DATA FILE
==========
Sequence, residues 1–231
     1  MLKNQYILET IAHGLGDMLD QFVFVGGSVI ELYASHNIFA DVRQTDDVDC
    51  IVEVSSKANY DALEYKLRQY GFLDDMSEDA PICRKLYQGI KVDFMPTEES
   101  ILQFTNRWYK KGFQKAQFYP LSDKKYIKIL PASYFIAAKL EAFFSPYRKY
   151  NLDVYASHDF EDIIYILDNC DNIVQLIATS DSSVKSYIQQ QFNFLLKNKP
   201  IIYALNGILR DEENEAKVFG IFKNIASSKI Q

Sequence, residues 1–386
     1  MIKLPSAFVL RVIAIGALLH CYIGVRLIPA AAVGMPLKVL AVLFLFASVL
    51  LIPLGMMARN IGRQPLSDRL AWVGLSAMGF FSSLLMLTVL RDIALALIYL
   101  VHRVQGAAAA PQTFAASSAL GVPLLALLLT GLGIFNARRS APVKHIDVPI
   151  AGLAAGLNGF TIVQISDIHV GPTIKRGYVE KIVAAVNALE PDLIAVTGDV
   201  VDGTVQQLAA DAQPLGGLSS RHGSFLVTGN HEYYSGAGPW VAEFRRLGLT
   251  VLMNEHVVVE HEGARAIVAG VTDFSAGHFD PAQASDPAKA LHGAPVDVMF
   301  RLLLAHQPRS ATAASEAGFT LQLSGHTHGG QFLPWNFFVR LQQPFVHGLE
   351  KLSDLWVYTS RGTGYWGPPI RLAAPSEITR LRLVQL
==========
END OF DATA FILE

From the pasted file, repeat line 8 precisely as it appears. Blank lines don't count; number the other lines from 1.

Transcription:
     1  MIKLPSAFVL RVIAIGALLH CYIGVRLIPA AAVGMPLKVL AVLFLFASVL